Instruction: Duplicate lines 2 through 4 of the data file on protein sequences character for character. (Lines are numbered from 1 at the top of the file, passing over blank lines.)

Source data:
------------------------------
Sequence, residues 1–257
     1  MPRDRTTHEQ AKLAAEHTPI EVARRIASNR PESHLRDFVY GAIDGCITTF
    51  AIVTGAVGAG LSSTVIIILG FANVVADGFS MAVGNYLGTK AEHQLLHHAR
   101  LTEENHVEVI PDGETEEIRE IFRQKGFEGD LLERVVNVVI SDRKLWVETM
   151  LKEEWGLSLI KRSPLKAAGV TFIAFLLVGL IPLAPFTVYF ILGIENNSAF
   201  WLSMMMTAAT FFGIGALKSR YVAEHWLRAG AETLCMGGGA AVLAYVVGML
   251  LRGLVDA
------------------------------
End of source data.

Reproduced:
     1  MPRDRTTHEQ AKLAAEHTPI EVARRIASNR PESHLRDFVY GAIDGCITTF
    51  AIVTGAVGAG LSSTVIIILG FANVVADGFS MAVGNYLGTK AEHQLLHHAR
   101  LTEENHVEVI PDGETEEIRE IFRQKGFEGD LLERVVNVVI SDRKLWVETM